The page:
Top Story: Judge To Settle Dispute With Michael Jackson, Ex-Wife
According to court documents made public Tuesday, Michael Jackson and his ex-wife Debbie Rowe have agreed to let retired Los Angeles Superior Court Judge Stephen Lachs mediate an unspecified family dispute. The papers, published on the Smoking Gun Web site (www.thesmokinggun.com), do not specify the nature of the dispute but according to the syndicated show Celebrity Justice, Rowe, a medical assistant who was married to Jackson from 1996 to 1999, is seeking formal custody of their two children, Prince Michael I and Paris. Celebrity Justice reports that Rowe decided to seek custody of the children in part because members of the Nation of Islam, a Black Muslim group, were advising the 45-year-old singer. Jackson is charged with seven counts of lewd acts on a child under the age of 14 and two counts of giving the boy alcohol in order to seduce him. Lachs and attorneys for both Jackson and Rowe declined comment on the dispute or the documents, which were signed by Rowe and Jackson, Reuters reports.
Janet Jackson Won't Play Lena
Janet Jackson and the producers of a planned ABC TV movie about the life of Lena Horne bowed out of the project after the singing legend balked at Jackson's casting. "Janet is no longer part of the (project) because Lena didn't want her in it," Jackson spokesman Stephen Huvane told Reuters Tuesday. "ABC and the producers were supporting Janet, and Janet realized this wasn't going to change, so she needed to bow out, and then the producers bowed out with her. According to published reports, Horne, 86, a veteran entertainer who helped break Hollywood racial barriers in the 1940s, was offended by Jackson's infamous halftime show performance with Justin Timberlake during the Feb. 1 Super Bowl.
Justin Timberlake Out of Motown Special
Justin Timberlake, meanwhile, is out as co-host of ABC's upcoming Motown 45 special. According to Billboard.com, Timberlake's camp cited a scheduling conflict, but the announcement follows a campaign launched by a coalition of black organizations protesting Timberlake's involvement in the special. "The selection of Timberlake as co-host of this Motown special is a cultural insult to the black community," Project Islamic HOPE executive director Najee Ali said in a statement last week. "This special, celebrating the success of the legendary music label, should not be compromised in the pursuit of a crossover audience." But Motown 45 executive producer Jeff Margolis said Timberlake's commitment to the feature film Edison forced him to withdraw. It was not immediately clear whether Timberlake, who was to have co-hosted the show with Lionel Richie, will be replaced.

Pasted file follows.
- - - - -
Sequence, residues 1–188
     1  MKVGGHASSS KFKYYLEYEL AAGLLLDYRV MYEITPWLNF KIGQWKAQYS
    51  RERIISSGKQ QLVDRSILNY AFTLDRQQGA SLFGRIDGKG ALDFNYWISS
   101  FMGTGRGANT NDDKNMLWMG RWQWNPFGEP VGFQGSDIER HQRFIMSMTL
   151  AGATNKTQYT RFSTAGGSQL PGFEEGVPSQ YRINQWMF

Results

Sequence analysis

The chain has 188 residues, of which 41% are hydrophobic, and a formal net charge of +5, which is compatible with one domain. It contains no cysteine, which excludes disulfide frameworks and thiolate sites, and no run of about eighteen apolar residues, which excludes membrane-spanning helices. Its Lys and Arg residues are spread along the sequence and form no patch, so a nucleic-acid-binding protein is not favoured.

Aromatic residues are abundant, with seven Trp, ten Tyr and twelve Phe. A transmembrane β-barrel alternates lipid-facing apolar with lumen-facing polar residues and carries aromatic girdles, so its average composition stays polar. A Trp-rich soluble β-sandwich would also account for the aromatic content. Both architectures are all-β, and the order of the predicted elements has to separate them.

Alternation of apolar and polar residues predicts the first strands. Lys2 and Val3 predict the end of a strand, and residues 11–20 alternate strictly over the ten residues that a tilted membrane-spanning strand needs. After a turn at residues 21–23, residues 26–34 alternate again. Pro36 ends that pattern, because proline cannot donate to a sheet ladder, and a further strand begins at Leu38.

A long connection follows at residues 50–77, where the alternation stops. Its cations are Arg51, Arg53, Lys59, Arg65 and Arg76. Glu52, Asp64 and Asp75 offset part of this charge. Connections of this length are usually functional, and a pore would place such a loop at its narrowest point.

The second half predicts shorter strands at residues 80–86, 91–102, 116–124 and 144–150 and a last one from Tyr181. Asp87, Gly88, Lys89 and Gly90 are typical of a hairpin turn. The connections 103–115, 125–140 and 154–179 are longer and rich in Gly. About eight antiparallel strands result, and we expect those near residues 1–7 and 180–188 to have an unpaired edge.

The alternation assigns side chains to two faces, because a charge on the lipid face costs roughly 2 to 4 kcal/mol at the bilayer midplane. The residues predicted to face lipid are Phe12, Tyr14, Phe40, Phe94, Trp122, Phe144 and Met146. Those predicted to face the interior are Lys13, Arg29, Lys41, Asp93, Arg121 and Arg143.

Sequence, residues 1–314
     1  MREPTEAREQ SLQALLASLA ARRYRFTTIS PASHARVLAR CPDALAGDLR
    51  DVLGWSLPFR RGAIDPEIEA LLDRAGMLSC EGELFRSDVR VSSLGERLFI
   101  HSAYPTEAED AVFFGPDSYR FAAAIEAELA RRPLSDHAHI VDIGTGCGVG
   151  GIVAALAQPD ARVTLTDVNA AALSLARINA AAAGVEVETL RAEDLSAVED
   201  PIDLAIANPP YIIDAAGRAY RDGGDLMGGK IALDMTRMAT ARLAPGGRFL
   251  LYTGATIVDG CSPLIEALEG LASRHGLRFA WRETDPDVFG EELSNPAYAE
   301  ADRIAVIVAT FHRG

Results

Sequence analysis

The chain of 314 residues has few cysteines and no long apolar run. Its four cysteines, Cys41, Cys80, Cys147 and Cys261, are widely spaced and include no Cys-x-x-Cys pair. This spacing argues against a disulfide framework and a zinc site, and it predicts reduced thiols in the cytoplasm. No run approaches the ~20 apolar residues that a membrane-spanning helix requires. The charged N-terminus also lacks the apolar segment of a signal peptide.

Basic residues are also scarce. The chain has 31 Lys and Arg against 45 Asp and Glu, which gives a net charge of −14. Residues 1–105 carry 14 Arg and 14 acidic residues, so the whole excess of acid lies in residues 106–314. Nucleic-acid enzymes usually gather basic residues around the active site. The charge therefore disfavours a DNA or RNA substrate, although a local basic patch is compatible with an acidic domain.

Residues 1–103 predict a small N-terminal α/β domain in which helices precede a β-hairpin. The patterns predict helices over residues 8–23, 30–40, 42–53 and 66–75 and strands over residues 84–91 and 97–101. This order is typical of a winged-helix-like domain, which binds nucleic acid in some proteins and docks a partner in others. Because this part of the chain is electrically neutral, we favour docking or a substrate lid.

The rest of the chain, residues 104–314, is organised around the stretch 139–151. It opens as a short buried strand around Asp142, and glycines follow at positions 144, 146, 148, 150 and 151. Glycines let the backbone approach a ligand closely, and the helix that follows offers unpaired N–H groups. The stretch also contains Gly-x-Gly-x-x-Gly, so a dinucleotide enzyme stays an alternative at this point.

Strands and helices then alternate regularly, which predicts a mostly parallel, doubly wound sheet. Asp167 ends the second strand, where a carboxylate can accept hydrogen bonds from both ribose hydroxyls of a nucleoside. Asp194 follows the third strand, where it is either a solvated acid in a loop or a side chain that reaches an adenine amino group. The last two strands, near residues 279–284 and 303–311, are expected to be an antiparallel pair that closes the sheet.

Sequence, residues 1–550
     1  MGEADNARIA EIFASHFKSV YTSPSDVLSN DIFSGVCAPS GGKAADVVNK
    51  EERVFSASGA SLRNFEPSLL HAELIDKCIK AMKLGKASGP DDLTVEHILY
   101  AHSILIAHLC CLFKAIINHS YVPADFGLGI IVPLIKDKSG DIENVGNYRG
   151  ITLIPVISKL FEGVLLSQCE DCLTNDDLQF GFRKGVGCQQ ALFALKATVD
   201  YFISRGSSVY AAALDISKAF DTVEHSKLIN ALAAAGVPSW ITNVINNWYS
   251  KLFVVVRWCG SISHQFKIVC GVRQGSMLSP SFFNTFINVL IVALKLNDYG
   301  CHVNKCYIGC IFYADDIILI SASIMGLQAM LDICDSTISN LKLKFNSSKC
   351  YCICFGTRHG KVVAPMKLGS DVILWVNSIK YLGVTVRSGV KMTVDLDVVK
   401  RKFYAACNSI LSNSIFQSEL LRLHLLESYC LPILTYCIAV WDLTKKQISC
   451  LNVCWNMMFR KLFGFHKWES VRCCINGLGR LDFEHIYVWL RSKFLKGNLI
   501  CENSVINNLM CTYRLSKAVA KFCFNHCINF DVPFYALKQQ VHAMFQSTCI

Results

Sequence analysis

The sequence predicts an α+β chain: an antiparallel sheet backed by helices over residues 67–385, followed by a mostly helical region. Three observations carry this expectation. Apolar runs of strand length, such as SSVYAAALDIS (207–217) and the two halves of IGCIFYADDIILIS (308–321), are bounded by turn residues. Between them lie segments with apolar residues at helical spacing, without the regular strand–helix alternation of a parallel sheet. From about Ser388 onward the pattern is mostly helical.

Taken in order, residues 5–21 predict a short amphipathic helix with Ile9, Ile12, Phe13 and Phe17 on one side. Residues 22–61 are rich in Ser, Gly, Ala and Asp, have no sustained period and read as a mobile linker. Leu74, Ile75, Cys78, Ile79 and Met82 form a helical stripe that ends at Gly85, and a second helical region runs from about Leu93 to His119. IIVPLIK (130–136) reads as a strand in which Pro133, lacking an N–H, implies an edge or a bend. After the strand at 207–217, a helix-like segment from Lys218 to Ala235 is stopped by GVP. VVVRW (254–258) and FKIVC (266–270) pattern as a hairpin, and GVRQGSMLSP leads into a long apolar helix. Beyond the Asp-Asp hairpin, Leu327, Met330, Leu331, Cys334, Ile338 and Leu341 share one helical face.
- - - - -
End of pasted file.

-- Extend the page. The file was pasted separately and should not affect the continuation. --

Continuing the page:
William "She Bangs" Hung To Make Idol Appearance
American Idol hasn't seen the last of William Hung, the most famous contestant who never made it to the stage. The Associated Press reports Hung, who attracted national attention with his "She Bangs" audition and has since landed several gigs, is slated to guest-appear on American Idol: Uncut, Uncensored & Untalented, a Fox special that will also feature yet more show outtakes, bad auditions and live appearances by contestants and wanna-bes. The one-hour special hosted by Ryan Seacrest airs Monday on Fox.
Jolie To Carry Olympic Torch
Angelina Jolie's latest role is one of Olympic proportions. The Lara Croft star has agreed to be one of the final torchbearers at the Athens Olympics the day before the lighting of the Olympic cauldron at the opening ceremony on August 13. Jolie, who is also a goodwill ambassador for the United Nations High Commission for Refugees, will carry the Olympic torch for a few hundred meters on the afternoon of August 12, as the international relay comes to a close in the Greek capital after crossing all five continents, Reuters reports. Jolie, 29, is the first high-profile torchbearer to accept an invitation to run in the relay on its return to Greece.
Sex Finale Big for HBO
The series finale of HBO's Emmy-winning comedy Sex and the City nabbed 10.6 million viewers when it aired Sunday night--the biggest audience of the show's six-season run, Reuters reports. The episode also drew the highest household rating on HBO (21.8) since the September 2002 premiere of the fourth season of mob drama The Sopranos, which averaged 13.4 million viewers to then rank as the most watched original program in the history of the cable channel. The 45-minute telecast, however was paled in overall audience by ABC's return of Who Wants to Be a Millionaire?, with 17.5 million viewers overall, and NBC's Law & Order: Criminal Intent, which garnered 14.5 million viewers overall.
Prince Returns to Pop Life
Let's go crazy! Maybe it was his performance of Purple Rain with Beyonce at this month's Grammy ceremony that inspired him--the Purple One is returning to the stage with his first national tour in six years. According to the AP, the 45-year-old Prince, who dropped out of the mainstream in the '90s, will perform classic hits including When Doves Cry and Little Red Corvette. "It's older music, but it's going to be played in a newer way," Prince said Tuesday. The normally media-shy singer followed his announcement with a half-hour concert in Los Angeles backed by his eight-piece group, the New Power Generation Band, and performed the title song from his upcoming album Musicology. Prince is currently in negotiations with various record labels since parting with Warner Bros. in 1996 after a highly publicized feud. The tour begins March 29 in Los Angeles and will hit at least 38 cities.
Role Call: Downey, Kilmer in Kiss, Kiss; IFC Acquires Metallica Pic
Lethal Weapon scribes Shane Black and producer Joel Silver are reuniting for Warner Bros.' Kiss, Kiss, Bang, Bang, a buddy actioner to star Robert Downey Jr., Val Kilmer and Michelle Monaghan. According to Variety, Down